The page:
Manufacturing’s Role in Lean Healthcare

One of the better presentations I heard recently about lean in healthcare focused on what may be an important trend in this area – manufacturers helping healthcare organizations get better.

            I previously wrote about the scary opportunity of lean healthcare, as described at the recent AME conference by Dr. John Toussaint of Thedacare. A workshop at the same conference featured the efforts of GM to help transform the University of Michigan academic health system.

            I’m sure some of you share the feeling I have of skepticism about whether GM is the best teacher of lean. (Can you say Toyota?) However, GM has learned a few things about lean from the battering it’s taken in the marketplace. And to her credit, Sheila Hainsworth of GM, a lean implementation manager and the conference presenter, admitted that when GM first started to learn about lean from its NUMMI joint venture with Toyota, “we didn’t drive lean into the culture of the organization.”

            In any case, the university undoubtedly is willing to take lessons from GM, regardless of the automaker’s credentials, because the company is a big customer. GM spent $5.3 billion on healthcare in 2005, and when that kind of customer talks, you listen.

            The university perspective was offered by Dr. John Billi, who holds several titles, including associate vice president for medical affairs. UM hospitals and health centers provide 817 beds plus 1.6 million outpatient visits, and employ 10,000. Meanwhile, the medical school has 1500 faculty physicians, 995 resident physicians and 690 medical students.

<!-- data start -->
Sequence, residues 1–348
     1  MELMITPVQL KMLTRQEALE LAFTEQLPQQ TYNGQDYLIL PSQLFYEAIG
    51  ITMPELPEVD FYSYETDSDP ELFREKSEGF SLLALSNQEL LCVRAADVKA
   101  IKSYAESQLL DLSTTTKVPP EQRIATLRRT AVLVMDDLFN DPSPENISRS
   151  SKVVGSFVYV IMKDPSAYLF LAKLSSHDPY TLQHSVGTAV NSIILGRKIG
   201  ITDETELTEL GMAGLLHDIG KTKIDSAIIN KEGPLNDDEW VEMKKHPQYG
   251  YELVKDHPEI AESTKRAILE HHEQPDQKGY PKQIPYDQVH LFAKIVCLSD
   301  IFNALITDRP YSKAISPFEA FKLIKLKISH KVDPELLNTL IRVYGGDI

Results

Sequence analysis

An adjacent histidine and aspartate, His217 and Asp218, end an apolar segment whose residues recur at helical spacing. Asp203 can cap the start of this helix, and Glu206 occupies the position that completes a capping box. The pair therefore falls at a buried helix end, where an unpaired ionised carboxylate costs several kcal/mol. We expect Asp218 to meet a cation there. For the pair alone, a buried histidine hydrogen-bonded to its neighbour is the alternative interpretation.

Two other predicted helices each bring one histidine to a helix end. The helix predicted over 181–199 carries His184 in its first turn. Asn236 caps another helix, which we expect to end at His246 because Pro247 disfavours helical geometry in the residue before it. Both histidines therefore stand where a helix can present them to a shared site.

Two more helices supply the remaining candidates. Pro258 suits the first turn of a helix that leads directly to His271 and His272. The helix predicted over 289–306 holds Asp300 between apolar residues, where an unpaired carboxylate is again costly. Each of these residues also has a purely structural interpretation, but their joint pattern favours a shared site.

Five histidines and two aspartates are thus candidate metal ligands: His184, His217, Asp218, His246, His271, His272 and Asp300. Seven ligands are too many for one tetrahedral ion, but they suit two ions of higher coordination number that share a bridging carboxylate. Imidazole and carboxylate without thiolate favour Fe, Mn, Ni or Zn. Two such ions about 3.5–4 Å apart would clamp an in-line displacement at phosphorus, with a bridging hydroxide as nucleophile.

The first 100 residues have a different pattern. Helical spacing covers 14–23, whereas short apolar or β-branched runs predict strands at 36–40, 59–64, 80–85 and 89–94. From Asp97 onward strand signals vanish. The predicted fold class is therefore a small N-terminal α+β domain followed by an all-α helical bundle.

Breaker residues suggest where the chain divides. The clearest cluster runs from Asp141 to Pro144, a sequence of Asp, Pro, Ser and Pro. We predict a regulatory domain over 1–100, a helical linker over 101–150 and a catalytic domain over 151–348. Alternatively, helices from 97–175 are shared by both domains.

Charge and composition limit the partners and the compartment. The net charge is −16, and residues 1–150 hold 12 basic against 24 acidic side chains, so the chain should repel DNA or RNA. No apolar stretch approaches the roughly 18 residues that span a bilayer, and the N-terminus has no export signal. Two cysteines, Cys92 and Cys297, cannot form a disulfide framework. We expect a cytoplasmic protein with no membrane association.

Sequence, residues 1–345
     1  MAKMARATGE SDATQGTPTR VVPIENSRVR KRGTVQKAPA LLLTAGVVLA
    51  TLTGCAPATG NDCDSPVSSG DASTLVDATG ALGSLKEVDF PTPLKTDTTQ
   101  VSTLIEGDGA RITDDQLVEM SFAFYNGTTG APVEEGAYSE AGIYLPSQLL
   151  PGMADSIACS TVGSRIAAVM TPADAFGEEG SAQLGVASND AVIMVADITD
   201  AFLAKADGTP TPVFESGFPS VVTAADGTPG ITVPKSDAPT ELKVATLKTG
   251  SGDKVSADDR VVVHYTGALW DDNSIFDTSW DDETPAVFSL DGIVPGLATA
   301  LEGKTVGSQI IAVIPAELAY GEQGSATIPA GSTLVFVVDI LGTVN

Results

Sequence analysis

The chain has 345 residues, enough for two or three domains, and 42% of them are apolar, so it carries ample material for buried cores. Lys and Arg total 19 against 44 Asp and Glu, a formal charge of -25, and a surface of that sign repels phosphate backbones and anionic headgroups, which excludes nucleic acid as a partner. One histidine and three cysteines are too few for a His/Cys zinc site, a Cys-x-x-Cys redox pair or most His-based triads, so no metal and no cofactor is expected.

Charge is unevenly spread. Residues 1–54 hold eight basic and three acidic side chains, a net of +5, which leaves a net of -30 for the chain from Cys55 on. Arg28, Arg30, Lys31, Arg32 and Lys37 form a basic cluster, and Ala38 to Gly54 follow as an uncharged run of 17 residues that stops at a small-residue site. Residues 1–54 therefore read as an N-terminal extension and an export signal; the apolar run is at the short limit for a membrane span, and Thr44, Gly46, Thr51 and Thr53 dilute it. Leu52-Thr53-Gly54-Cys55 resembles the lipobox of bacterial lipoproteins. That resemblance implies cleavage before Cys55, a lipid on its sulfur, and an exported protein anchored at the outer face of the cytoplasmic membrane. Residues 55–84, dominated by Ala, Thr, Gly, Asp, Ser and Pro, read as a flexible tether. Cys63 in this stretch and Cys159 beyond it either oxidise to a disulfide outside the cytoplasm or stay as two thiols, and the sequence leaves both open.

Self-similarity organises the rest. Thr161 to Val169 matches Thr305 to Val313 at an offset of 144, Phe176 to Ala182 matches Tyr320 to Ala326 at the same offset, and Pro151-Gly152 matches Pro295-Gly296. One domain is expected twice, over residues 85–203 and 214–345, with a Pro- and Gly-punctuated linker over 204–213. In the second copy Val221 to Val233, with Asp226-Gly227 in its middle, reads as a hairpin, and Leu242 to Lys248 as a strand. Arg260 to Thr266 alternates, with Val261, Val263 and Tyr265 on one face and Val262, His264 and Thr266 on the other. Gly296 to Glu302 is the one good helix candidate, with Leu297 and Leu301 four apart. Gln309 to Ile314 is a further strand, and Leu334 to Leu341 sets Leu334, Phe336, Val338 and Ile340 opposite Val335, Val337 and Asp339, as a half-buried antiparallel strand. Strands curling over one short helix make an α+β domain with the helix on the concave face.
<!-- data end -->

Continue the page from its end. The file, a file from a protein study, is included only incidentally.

GM has been providing training to the medical system, including classes at GM University in Pontiac, a visit to the Lansing Grand River auto plant, and plenty of GM materials, tools and templates. The automaker also coached initial learning projects and provided training for medical system coaches.

            The improvements so far include:

  • An increase in vascular lines placed within 12 hours (an important action for certain heart patients) from 35 percent to 71 percent, reducing by 46 percent the number of cases needing interventional radiology.
  • In surgical ear/nose/throat cases, an increase in the number of histories and physicals completed at pre-op visits from 75 percent to 99 percent.
  • A reduction in the time to schedule MedSport appointments in orthopedics from 23 days to two and a half minutes.

            There are plenty of other examples. The university’s effort (called the Michigan Quality System) is now in its second year and is involved in everything from developing lean leaders to mapping key value streams to broadening the initiative’s rollout.

            What I found most heartening is that Billi (and presumably others at the university) seemed to understand that lean is not a quick fix, and means never-ending continuous improvement.

            “We look at this as the marathon,” he said. “This is the long race.”


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